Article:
Dom-Ex Turns Iron Into Gold for New Guinea Mine

Tue May 18, 2004 - West Edition

When a new gold mine in New Guinea needed capital equipment and needed it fast, it relied on Dom-Ex Inc., headquartered in Hibbing, MN.

The mine needed an O&K RH200 shovel, five Caterpillar 100 ton (90 t) 777D off-highway trucks and three Caterpillar 150 ton (135 t) 785B off-highway trucks – and they needed them within 60 days.

The mine put out the bid and awarded the contract to Dom-Ex, which immediately put all of its resources into action for the $11M-plus project.

These resources included the capital investment in the machinery, the man-power commitment (15 mechanics and welders working triple shifts 24 hours per day) and the desire to complete the project on time.

“There are lots of companies that would love to have a challenge such as this, but most have the sense to know they are not capable of completing it on time aside from not having the man-power and financial backing to carry it through,” said Jeff Miller, general manager of Dom-Ex’s Dallas, TX, Operation.

According to Miller, the 777Ds and 785Bs were refurbished at its Grand Prairie, TX, facility. The beds were rebuilt along with having the trucks re-powered with brand new power trains, which were installed by Walker Cat in Beckley, WV.

“The power trains were an investment of more than $900,000 alone,” Miller said. Miller also stated that the logistics were a challenge. The trucks were worked on in Grand Prairie and Beckley, the “care kits” of spare parts were assembled and brought in from Hibbing, MN, and the O&K shovel was disassembled, refurbished and made ready for shipping from Elko, NV, to Houston, TX.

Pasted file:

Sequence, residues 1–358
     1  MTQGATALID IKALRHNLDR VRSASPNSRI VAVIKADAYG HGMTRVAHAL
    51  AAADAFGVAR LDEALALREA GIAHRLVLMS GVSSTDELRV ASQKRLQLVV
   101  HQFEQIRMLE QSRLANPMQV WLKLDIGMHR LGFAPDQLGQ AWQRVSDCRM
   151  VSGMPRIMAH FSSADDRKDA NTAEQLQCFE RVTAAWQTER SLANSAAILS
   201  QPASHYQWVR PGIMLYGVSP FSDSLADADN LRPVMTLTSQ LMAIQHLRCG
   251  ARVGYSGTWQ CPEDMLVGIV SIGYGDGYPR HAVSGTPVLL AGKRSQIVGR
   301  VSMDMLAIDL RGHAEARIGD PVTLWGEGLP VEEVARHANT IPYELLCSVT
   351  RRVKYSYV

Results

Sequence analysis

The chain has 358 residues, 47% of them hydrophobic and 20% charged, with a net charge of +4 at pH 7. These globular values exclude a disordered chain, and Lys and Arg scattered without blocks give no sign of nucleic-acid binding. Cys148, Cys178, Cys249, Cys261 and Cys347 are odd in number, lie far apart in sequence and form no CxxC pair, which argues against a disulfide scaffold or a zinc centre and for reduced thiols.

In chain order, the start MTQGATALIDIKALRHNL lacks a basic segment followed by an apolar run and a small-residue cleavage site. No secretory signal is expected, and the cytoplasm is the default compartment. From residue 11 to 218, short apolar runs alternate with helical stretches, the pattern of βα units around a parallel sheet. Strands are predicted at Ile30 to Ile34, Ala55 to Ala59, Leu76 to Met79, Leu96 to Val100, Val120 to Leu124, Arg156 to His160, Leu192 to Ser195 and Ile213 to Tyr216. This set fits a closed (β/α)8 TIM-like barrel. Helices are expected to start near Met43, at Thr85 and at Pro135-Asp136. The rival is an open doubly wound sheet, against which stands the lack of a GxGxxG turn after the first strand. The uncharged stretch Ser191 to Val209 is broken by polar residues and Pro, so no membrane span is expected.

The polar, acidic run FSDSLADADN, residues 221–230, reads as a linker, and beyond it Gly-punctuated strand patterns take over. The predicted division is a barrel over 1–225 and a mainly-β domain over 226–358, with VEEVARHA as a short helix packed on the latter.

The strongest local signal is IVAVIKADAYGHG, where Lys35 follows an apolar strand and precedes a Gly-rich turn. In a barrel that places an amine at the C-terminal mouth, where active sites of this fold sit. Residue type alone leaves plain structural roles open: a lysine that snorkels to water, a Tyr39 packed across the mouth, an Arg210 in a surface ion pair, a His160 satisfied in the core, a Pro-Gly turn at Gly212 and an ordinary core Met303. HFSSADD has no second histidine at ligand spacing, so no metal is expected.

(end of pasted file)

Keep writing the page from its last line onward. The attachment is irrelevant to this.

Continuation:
“That 1.2 million pound shovel is huge and it was quite a trip,” stated Miller, “The shovel required coordinating 30 truck loads to get it to Houston,” Miller added.

“Since the mine is in a very remote area of New Guinea, we recommended sending care kits to back up the shovel and trucks,” said Miller. “For the trucks, we included complete hose kits and various types of filters. The shovel also required hose kits and filters as well as cylinders, hydraulic pumps and complete sets of wear items. More than $2 million in parts went along with the order,” Miller added.

Dom-Ex sent one of its managers along with the shipment to supervise the reassembly of the trucks and recommissioning of the shovel.

“We’ve handled projects like this many times in the past and we have to attribute part of our success to the ingenuity and cooperation of Senrac Transportation in Houston since they handle all the coordinating of the transportation here in the States as well as customs and charting the vessel for shipping to the destination country,” said Miller.

“To perform a complete turn-key job such as this in 60 days, I think people in the industry have come to expect the impossible to become possible when dealing with Dom-Ex,” Miller added.

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